Funding for research to tackle weevil menace
Inverness College UHI has been awarded up to £30,000 to develop a new technique to manage the large pine weevil (Hylobius abietis) – the most serious pest of newly planted young trees in Scotland.
The pine weevil is estimated to cause direct losses of around £5million to forestry across the UK every year as well as causing significant delays to the re-establishment of future forest crops.
Forestry researchers at Inverness College UHI are developing a biodegradable barrier, derived from locally available plant extracts, mixed with an entomopathogenic fungus that will infect and kill the weevils.
The barrier will be applied to young trees in three trial areas in the Highlands from April through to June. Researchers will measure its impact by monitoring damage to young trees and presence of dead weevils.
Dr Euan Bowditch, Inverness College UHI researcher, said: “Impacts from pests and diseases will continually compromise profitability of forestry and potentially undermine the economic feasibility, it is an inevitable part of management – However, there is no reason why we cannot look for innovation solutions that tackle major problems, such as the weevil that attack newly planted forests in overwhelming numbers. We thought, if a combination of native fungi and vegetative extracts could provide an extra increment of protection to the trees during their most vulnerable period, as well as cumulatively targeting the weevil population this could be the difference between profitable stands and quality timber that supports and develops a stronger Scottish forestry sector. This is what we aim to do and what we all hope will happen.”
Inverness College UHI is one of 5 consortiums to be awarded funding from the Scotland Can Do Innovation Challenge to develop new techniques for managing the large pine weevil.
Administered by Scottish Enterprise, the fund is a joint project between Scottish Government, Scottish Enterprise, Highlands and Islands Enterprise and Scottish Funding Council. Forest Enterprise Scotland is leading the project for the UK, with additional delivery support from ConFor and Forest Enterprise England.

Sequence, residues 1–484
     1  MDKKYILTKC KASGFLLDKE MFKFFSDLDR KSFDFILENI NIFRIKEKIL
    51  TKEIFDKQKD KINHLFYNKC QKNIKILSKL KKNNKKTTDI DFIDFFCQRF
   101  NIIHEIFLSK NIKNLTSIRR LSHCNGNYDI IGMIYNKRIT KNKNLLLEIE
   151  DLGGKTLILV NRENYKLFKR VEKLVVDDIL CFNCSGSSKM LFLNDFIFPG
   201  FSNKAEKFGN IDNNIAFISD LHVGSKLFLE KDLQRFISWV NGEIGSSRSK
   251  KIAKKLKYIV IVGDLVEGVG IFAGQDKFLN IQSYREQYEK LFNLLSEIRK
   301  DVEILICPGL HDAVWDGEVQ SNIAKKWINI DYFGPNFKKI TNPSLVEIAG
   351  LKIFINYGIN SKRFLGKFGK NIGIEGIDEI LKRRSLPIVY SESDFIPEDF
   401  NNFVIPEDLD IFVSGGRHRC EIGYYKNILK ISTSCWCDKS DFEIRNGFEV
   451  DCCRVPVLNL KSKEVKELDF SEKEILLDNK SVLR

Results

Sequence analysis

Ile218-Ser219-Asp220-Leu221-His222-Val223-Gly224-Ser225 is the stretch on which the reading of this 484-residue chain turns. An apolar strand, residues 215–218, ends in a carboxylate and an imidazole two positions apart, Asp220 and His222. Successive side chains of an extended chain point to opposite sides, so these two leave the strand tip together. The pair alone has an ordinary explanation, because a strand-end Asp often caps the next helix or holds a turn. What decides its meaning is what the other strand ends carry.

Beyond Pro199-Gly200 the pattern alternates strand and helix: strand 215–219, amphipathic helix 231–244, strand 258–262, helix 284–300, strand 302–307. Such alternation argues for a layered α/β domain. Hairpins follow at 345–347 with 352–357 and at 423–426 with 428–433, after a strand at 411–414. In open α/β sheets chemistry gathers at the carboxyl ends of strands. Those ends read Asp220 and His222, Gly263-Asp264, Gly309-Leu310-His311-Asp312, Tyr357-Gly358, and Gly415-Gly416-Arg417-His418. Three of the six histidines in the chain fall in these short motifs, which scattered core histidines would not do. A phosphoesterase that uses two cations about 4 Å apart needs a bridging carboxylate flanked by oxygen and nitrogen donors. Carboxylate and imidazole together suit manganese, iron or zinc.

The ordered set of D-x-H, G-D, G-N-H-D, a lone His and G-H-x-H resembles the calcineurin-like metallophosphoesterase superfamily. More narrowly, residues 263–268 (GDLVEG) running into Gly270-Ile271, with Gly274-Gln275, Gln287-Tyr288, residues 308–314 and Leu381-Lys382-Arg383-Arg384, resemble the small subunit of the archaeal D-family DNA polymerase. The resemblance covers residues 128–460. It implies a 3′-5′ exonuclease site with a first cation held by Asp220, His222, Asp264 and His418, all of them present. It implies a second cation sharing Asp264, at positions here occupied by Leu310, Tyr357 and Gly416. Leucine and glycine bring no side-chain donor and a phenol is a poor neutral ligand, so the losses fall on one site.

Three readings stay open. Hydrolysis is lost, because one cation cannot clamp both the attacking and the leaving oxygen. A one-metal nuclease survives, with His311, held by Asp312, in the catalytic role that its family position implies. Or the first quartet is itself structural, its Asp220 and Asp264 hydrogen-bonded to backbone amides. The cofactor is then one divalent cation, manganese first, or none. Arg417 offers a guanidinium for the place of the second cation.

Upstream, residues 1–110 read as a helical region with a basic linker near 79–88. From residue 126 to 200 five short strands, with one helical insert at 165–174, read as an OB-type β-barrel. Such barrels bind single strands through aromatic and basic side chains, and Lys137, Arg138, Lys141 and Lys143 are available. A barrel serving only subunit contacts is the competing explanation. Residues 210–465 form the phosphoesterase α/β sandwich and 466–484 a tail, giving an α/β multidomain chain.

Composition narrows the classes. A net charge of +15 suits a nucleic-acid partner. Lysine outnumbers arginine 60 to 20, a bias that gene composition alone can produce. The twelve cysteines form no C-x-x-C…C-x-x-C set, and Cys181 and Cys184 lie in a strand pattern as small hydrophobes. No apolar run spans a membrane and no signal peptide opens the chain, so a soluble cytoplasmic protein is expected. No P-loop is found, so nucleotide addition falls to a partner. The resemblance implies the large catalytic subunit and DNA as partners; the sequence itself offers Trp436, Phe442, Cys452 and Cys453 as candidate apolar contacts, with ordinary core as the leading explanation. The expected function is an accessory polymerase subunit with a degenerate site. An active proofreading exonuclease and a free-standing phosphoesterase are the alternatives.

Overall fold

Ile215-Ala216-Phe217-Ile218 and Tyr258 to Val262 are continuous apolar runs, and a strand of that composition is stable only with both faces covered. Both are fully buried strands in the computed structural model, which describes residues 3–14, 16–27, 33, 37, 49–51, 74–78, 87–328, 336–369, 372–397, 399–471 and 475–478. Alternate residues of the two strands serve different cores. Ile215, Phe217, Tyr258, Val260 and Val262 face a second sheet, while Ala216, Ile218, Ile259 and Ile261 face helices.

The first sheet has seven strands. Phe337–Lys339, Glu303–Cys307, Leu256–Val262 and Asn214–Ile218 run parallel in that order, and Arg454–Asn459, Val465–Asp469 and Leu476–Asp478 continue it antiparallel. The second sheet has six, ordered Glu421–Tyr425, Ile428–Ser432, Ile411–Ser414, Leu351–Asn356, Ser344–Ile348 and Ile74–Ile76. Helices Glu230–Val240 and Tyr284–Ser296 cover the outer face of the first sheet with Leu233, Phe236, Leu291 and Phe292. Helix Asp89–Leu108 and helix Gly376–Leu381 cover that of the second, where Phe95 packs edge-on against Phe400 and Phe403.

Successful bidders will retain intellectual property rights to their ideas so that they can be seamlessly brought to market after the end of the research and development phase.
The companies now have five months to develop and prove their ideas, in a bid to win further funding of up to £200,000 for prototype testing of one or two of the proposed new control options.
Innovation funding has also been awarded to:
- Omma Tech – to develop an ultra-low-power remote unit and camera system to detect and record the weevil population remotely, removing the need for laborious manual monitoring but allowing for better informed, timed and targeted approach to controlling weevil populations.
- Neem Co. – to develop a plant protection product derived from the seeds of the Indian neem tree that will be applied to young forest trees to discourage weevil feeding and luring them to feed on a toxic bait before they feed on any young trees.
- Forest Research – to develop a web-based decision support system to help forest planners manage the sequence and pattern of tree felling to reduce the risk of Hylobius attack and limit the opportunities for the weevils to move around the forest landscape and colonise felling sites.
- Research and Commercial Partnership – to develop an advanced monitoring system to assess populations of Hylobius abietis, and predict their damage prior to tree planting and the need for remedial action. The system will be designed to perform as a ‘trap, treat and release’ device to deliver natural biological control agents, that are active against adult weevils, to control Hylobius populations sustainably.
(Original press release issued by Scottish Forestry)